Claude Barfield, resident scholar of international trade policy at the American Enterprise Institute—a conservative think tank based in Washington, D.C.—gave a talk on the Trump administration’s trade policies in an event sponsored by the Boston College Republicans and the American Enterprise Institute Executive Council of BC on Wednesday.
Barfield, a former consultant to the Office of the United States Trade Representative, focused on the current administration’s trade policies within the context of prior administrations. He concentrated on four key issues: the president’s obsession with trade deficits, the trade agreement relationships the United States has with smaller countries versus larger ones, the untrue notion of America as the only free trade country, and what he dubbed the “cynical ploy” of combining economic security with national security, specifically in the American steel industry.
The timing of the lecture is notable, having taken place two days before the 2018 G20 summit, an annual high profile meeting of world leaders. Thus Barfield talked a considerable amount about Chinese-American trade and the impact of technology on trade with China.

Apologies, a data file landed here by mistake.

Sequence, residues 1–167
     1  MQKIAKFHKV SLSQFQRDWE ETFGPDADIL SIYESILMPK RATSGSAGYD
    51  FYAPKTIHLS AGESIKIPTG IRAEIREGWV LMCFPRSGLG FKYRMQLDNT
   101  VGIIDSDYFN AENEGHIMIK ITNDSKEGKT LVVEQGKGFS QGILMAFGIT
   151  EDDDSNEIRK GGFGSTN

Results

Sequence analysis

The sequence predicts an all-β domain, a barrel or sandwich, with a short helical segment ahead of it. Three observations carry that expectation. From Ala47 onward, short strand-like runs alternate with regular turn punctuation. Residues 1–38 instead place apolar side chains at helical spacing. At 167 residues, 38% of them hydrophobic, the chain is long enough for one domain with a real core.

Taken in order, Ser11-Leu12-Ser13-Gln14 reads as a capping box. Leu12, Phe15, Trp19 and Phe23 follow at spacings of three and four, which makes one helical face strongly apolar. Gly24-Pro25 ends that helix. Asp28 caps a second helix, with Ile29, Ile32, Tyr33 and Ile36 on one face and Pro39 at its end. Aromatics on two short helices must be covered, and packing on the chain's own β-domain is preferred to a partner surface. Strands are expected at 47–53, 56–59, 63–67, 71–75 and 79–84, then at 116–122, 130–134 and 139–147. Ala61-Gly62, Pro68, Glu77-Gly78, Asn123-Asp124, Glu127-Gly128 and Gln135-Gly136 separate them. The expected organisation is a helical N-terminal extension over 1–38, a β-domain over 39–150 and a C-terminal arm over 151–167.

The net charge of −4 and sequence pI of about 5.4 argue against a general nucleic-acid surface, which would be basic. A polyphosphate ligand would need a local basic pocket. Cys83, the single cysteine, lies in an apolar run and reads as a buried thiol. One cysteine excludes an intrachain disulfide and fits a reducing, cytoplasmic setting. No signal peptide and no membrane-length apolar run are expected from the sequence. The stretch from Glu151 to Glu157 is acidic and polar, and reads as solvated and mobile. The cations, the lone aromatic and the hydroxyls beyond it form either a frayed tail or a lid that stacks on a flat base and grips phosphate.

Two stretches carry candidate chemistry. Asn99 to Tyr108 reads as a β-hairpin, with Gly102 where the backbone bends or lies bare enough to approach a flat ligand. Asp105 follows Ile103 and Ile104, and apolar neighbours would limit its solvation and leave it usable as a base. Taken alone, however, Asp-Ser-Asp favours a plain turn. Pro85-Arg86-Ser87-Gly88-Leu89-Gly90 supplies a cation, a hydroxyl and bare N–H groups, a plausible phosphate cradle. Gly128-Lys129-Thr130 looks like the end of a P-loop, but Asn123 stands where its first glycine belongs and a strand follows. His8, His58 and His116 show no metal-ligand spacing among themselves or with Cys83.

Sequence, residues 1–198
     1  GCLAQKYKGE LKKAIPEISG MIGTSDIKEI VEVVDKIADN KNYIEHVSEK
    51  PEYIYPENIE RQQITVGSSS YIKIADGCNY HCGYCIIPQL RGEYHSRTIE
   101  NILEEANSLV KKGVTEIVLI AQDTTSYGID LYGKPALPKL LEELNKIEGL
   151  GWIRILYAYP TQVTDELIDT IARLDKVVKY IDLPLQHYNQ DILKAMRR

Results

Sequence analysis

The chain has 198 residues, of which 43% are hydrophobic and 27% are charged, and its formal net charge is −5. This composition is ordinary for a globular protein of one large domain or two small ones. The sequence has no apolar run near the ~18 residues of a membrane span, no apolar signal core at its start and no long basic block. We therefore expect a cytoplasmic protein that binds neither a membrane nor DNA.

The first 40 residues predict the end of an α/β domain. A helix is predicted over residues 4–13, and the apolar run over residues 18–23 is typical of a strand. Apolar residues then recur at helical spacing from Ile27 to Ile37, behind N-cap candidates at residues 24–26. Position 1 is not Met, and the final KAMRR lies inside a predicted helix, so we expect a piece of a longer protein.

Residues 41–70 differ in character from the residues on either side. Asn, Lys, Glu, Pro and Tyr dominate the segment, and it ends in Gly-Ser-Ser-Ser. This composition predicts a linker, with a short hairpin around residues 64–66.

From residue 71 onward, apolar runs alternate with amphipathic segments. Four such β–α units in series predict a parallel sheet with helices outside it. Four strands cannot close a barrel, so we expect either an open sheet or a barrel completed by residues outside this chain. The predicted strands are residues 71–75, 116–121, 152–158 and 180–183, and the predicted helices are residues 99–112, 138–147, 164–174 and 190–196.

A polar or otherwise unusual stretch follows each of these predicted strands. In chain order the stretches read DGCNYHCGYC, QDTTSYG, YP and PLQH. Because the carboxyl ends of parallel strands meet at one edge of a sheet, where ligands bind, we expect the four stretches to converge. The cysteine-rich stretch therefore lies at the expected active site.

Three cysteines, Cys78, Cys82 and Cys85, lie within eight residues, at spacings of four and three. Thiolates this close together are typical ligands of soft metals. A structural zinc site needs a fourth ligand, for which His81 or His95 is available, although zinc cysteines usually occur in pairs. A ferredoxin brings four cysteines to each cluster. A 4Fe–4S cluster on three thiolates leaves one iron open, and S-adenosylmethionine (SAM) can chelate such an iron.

He maintained that a number of restrictions in China—from its censorship of the internet to the reinsertion of capitalism into its economy—have combined to create what he calls an “intricate web of mercantilist protection” in the country.
The addition of the Chinese in the trade system has created a unique situation. This is the first time the world trading system has been introduced to such a powerful authoritarian state capitalist nation.
The relationship between communism and the economy, he explained, is what makes this trading environment so unique and worthy of discussion.
Barfield noted he would be skeptical of a trade deal between Trump and Chinese president Xi Jinping, having examined the environment in which it would be crafted. He asserted that the United States’ current relationship with China is independent of the Trump administration’s policies and that a different outcome from the 2016 presidential election would not have changed the political relationship between the two countries.
Concluding his talk he noted the uncertainty of politics and the consistent shift of political power affecting trade policy. “Both parties are in flux, and it’s really hard to know now how the politics of trade will work out,” Barfield said.
Featured Image by Jess Rivilis / For The Heights